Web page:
This is part of a series of posts from ecologists across the globe on how the Coronavirus pandemic is affecting them and their research. In this post, Lauren Hallett of the University of Oregon discusses how COVID-19 is affecting research and researchers in the US.

Lauren Hallett
Lauren Hallett

I am a plant community ecologist. My work focuses on understanding how temporal variability shapes the diversity and function of ecosystems and identifying strategies to manage ecosystems experiencing directional change. Currently I am an assistant professor at the University of Oregon. I have long standing research projects in California, where I did my PhD, and am also exploring local study systems, particularly in eastern Oregon.

I live in the US, and as a country our Covid19 response has been fractured. I am fortunate to live on the west coast. Although some of the earliest cases were north and south of Oregon (in Washington and California), the west coast governors responded quickly and are now collaborating to address the pandemic, and Oregon has not been hit hard by the virus. We have been staying home except for essential services since mid-March. The last day of in-person classes was March 13, and the University of Oregon is planning to be all online until the fall.   

Spring is typically a very busy time for the lab. We had a carefully orchestrated schedule for mid-March through May: grant proposal deadlines and a conference scheduled for the end of March, the full month of April in California conducting field work at three different sites, and the month of May surveying sites across the Great Basin. The uncertainty in March made it hard to proceed – we cycled through several contingency plans before deciding that we needed to cancel nearly all of our field travel. The decision was easier in the end because I didn’t have a choice. For example, I maintain a long-term record of serpentine grassland dynamics – this would have been year 38 – but the site, Jasper Ridge, is in the Bay Area of California and had to completely close.

The brightest side of losing a field season is how wonderfully my colleagues have stepped up to help. The staff and associates at Jasper Ridge carefully photo-documented all of the plots, and we should be able to extract dominant species dynamics for this year. The staff at my primary experimental research station, the Sierra Foothill Research and Extension Center, volunteered to collect the data from our experiments – including finding and harvesting 1500 phytometers from a large competition experiment. This last was a particular relief for me as a supervisor – the project is led by my postdoc Ashley Shaw and losing several papers worth of data would have been a real blow for her, especially as we work to give her the best shot at an academic career during a difficult time. Cookies were definitely sent to the crew!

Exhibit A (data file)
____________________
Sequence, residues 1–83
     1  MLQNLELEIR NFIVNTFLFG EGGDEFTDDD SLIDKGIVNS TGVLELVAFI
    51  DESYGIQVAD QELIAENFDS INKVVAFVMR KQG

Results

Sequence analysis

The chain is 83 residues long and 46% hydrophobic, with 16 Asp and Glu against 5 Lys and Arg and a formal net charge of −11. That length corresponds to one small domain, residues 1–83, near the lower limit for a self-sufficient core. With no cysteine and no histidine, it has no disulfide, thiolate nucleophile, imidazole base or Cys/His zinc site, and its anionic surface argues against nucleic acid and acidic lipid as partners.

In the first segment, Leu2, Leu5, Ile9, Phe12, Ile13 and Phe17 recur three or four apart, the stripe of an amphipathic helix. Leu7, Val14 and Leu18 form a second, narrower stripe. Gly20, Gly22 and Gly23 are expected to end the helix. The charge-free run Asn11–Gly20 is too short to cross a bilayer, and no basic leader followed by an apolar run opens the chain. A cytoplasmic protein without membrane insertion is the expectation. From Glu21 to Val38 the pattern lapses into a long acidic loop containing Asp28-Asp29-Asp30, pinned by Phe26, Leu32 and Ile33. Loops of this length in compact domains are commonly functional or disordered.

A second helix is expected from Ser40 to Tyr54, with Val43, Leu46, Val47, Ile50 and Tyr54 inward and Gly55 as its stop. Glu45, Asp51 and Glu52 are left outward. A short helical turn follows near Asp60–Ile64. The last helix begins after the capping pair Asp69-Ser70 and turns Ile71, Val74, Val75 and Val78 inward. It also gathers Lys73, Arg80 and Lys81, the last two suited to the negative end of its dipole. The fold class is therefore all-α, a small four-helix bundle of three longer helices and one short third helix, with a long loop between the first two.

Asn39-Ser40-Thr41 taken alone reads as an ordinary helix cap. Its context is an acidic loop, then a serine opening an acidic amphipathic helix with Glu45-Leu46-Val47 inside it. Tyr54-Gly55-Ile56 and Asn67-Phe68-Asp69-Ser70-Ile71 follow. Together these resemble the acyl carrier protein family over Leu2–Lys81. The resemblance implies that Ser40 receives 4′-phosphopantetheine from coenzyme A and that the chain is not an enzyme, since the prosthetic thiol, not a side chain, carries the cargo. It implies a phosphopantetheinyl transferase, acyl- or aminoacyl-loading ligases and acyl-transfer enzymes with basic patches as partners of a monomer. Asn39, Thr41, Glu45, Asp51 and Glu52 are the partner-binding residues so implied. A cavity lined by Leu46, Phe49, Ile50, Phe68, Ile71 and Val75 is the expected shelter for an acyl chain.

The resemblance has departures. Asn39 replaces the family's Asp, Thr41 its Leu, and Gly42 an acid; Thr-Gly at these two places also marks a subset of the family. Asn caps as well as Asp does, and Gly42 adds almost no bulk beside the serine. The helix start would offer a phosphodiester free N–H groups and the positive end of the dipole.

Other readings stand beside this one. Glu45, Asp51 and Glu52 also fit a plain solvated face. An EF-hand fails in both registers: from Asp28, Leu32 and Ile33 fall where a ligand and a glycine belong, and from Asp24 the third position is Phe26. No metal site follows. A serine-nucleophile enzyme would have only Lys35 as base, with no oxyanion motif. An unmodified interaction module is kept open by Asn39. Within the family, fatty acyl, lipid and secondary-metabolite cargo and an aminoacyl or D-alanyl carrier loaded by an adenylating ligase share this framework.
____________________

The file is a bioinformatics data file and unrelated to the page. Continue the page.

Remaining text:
As a new PI I am still getting used to being responsible to a larger group. Professionally, working to be sure that everyone is safe, and funded, and has something fulfilling to do, has been one of the more stressful aspects of the pandemic. I gave people space to adjust for the first few weeks, and then created a structure of one-on-one meetings early in the week, a lab meeting midweek, and a short “highs and lows” recap meeting at the end of the week. It’s helpful and I think the structure will carry over into the fall. Personally, the start of the pandemic coincided with finding out that I was pregnant. Compared to my colleagues with small children, I am incredibly glad mine is still in utero. However, compounding general pandemic anxiety with anxiety about having a child or miscarriage during a pandemic, and not feeling well, has made it difficult to focus. The most useful thing I’ve found is to (try to) let go of my guilt around missed deadlines and let myself get excited about the science. Revisiting why I find my science interesting seems to be the best jump-start for catching up and moving forward.

Also of interest: